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Pork Shoulder Temp Going Down? (Here’s Why)

Pork Shoulder Temp Going Down? (Here’s Why)

Everyone loves checking their temperature reading and watching their pork shoulder cook.

No one loves seeing the temperature stop rising, and concern rises when the temperature even dips.

What could cause the temperature dip, and how do you find out? Is it happening at temperatures that other pitmasters see it occurring?

Is your fire going as strong as it should, or is the issue with the fire? How can you get the temperature to rise in your pork shoulder?

Do you need to wrap it, and what should you wrap it in? Can adding wood to the fire help?


Why is my pork shoulder temperature going down?

Your pork shoulder’s internal temperature could drop during the stall, which commonly occurs between 150 degrees and 165 degrees Fahrenheit. 

The pork shoulder stalls because moisture is evaporating from the surface of the meat, cooling the meat off despite the consistent heat of the smoker.

At lower temperatures, there isn’t enough moisture evaporating to counteract the heat of the smoker.

However, during that range of internal temperatures, when you are cooking low and slow, the evaporation process is enough to balance out the heat.

Sometimes, it can even overpower the heat and cool the pork shoulder down.


How can I find out why my pork shoulder is going down?

If you are unsure why your pork shoulder is cooling down, you should check to see if your pork shoulder is in that normal range or if your smoker itself is cooling down. 

The temperature can fall during a stall as well as start cooling off if your fire dies down.


Check the internal temperature for common stall temperatures

The most common stall occurs in the 150-165 degree Fahrenheit range, while a less-common one can occur even around 190 degrees Fahrenheit. 

If your pork shoulder is around either of those number ranges, it may be stalled. You can wrap your pork shoulder with either aluminum foil or butcher paper to help get through the stall.


Check the firebox and make sure enough wood is in the fire

If your smoker’s temperature has dipped, check your firebox to see what is happening. Accidents happen and distractions occur.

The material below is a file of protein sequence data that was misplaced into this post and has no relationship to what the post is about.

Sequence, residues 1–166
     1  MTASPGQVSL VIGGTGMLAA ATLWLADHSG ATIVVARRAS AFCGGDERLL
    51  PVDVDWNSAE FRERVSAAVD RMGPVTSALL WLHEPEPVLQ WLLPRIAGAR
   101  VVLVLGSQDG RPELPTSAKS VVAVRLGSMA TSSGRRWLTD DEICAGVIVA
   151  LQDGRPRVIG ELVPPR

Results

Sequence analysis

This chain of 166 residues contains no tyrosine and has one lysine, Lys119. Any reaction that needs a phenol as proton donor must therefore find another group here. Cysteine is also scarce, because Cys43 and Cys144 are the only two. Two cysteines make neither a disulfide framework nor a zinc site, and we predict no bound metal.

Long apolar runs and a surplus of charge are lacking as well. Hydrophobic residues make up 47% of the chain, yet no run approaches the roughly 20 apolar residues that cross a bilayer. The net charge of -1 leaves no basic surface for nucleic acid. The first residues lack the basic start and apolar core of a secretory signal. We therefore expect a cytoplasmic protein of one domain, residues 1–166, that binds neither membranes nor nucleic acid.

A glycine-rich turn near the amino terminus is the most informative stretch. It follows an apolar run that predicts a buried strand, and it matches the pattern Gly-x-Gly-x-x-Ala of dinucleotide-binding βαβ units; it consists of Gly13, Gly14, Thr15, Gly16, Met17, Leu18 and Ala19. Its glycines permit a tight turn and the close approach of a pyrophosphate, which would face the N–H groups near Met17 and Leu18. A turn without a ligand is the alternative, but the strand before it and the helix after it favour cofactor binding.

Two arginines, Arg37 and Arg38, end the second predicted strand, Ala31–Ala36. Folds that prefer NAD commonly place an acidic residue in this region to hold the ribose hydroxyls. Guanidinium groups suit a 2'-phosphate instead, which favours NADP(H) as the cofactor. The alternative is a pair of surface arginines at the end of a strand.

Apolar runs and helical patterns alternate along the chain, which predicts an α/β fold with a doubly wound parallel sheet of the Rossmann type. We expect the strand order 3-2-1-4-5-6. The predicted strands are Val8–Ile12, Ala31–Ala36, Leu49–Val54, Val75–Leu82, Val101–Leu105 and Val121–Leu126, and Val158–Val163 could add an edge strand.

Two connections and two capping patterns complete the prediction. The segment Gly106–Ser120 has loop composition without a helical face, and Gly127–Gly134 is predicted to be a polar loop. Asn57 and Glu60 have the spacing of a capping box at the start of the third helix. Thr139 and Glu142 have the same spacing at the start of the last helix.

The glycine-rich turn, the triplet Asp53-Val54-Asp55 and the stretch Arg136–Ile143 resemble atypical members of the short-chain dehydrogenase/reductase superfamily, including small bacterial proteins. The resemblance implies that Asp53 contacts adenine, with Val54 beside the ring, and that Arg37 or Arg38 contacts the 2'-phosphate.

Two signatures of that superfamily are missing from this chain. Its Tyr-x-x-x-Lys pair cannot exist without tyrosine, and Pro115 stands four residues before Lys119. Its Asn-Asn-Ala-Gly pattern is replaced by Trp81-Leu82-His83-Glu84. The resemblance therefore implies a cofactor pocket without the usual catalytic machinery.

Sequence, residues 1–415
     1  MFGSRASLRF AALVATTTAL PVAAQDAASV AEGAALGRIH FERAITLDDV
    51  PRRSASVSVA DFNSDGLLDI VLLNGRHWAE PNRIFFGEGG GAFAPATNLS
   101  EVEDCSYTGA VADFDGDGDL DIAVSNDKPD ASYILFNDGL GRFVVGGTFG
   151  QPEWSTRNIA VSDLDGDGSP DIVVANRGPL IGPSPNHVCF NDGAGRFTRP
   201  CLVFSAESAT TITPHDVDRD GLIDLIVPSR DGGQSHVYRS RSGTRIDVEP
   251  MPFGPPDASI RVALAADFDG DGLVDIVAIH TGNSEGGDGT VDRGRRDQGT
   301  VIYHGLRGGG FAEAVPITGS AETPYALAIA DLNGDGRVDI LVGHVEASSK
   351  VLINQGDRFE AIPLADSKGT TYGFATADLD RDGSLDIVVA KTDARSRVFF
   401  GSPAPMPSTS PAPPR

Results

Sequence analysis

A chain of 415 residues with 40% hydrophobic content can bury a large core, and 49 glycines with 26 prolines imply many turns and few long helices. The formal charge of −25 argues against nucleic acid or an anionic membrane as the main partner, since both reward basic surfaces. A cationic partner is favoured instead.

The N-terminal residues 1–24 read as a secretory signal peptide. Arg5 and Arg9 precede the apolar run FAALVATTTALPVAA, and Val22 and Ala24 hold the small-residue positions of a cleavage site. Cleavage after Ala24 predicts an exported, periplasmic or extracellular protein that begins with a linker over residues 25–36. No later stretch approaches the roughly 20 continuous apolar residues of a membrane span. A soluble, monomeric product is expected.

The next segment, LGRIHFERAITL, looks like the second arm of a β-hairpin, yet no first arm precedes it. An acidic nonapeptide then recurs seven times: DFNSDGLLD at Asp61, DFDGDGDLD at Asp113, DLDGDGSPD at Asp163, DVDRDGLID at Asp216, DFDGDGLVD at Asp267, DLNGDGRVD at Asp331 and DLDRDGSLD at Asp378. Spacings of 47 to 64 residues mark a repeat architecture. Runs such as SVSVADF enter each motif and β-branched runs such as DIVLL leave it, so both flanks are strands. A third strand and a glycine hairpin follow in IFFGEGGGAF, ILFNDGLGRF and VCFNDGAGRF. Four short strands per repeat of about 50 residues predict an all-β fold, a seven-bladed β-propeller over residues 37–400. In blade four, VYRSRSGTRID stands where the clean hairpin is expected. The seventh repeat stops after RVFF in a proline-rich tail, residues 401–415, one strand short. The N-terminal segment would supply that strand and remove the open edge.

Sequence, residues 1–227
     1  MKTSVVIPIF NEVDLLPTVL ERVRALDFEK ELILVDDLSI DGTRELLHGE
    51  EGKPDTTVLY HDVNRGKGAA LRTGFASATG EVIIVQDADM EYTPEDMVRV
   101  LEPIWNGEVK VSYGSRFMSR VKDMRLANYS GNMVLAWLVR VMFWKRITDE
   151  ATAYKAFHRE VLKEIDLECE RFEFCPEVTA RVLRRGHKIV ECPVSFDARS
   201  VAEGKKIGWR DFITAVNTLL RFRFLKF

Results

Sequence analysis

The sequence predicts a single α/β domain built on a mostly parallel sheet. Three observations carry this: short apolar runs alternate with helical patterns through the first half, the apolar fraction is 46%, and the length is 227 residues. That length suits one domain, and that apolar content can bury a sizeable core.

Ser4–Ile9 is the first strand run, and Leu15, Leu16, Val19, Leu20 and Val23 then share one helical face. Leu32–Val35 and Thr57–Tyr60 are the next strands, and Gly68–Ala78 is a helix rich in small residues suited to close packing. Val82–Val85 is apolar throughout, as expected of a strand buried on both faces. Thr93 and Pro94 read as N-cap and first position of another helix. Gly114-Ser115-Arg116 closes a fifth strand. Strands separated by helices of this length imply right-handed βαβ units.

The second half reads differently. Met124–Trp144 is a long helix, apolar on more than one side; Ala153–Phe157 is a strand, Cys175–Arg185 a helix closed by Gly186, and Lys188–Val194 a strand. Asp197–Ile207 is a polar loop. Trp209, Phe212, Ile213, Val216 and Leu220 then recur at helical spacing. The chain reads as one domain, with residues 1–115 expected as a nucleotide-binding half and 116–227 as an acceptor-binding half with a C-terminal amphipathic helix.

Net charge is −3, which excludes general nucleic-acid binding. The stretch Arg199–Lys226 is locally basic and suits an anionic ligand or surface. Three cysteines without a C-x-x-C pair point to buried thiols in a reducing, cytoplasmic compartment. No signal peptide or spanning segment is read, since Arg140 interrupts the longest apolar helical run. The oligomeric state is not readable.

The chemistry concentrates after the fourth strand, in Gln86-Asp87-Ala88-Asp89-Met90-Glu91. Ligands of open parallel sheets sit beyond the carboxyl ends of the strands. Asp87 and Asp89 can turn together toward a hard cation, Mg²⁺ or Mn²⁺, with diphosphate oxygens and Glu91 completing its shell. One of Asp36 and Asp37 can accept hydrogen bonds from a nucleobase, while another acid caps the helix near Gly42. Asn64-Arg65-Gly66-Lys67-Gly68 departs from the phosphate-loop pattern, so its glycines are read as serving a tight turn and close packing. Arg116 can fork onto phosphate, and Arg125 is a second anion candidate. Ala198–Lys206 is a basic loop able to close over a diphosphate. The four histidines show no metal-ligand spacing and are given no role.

Your smoker needs fuel to keep generating heat, and sometimes it runs out of fuel. That means you need to add wood.


How to increase the internal temperature of pork shoulder?

If your pork shoulder’s internal temperature has dropped, you can wrap it or increase the temperature of the smoker. 

If it has occurred during normal stall temperature ranges, you can choose to wrap it up, or if you have the time and patience, you can simply let the smoker continue to do its work.

Once enough moisture has evaporated from the surface, the pork shoulder will resume cooking as normal.

You can also increase the temperature in the smoker itself whether the meat has stalled or your smoker ran low on wood.


Wrapping in foil or butcher paper

Wrapping your pork shoulder is the most common solution to a stalled pork shoulder. 

Whether you wrap it in aluminum foil or butcher paper, wrapping the pork shoulder tightly prevents the evaporation process, letting your smoker cook it as normal.

Some pitmasters recommend using butcher paper to help the bark on the exterior of the pork shoulder stay more crispy, while the aluminum foil can result in a more tender, moist bark.

Either way you go, wrapping your pork shoulder will help get it through the stall in a much quicker time than simply letting it ride out the evaporation process.


Adding more fuel to the fire

If your smoker is running low on fuel or you want to force your pork shoulder through the stall by increasing the heat to around 300 degrees, adding more wood is the way to go. 

If your smoker’s temperature has dropped, you need to add more wood to bring the temperature back up to cook your pork shoulder. If the pork shoulder has stalled, you can increase the temperature to combat the evaporation process.

At lower temperatures, the smoker’s heat overcomes the evaporation process.

The same can be true if you increase the temperature of the fire as well. Just be careful, you can dry out your pork shoulder a bit or burn the exterior as well if you are not careful.


Final thoughts

Watching your pork shoulder’s internal temperature stall out or drop is frustrating.

No one wants to see that happen while enjoying a nice day of smoking a pork shoulder. You need to identify if the internal temperature is in a normal stalling range of 140-165 degrees Fahrenheit or the less-common 190-degree range.

You should also check to make sure your smoker is still running at the temperature you want, whether that is 225, 250, or even 275 degrees.

If your pork shoulder has stalled, you can wrap it in aluminum foil or butcher paper, or you can increase the temperature of your smoker by adding wood.

If your smoker’s temperature is running cool, add more wood.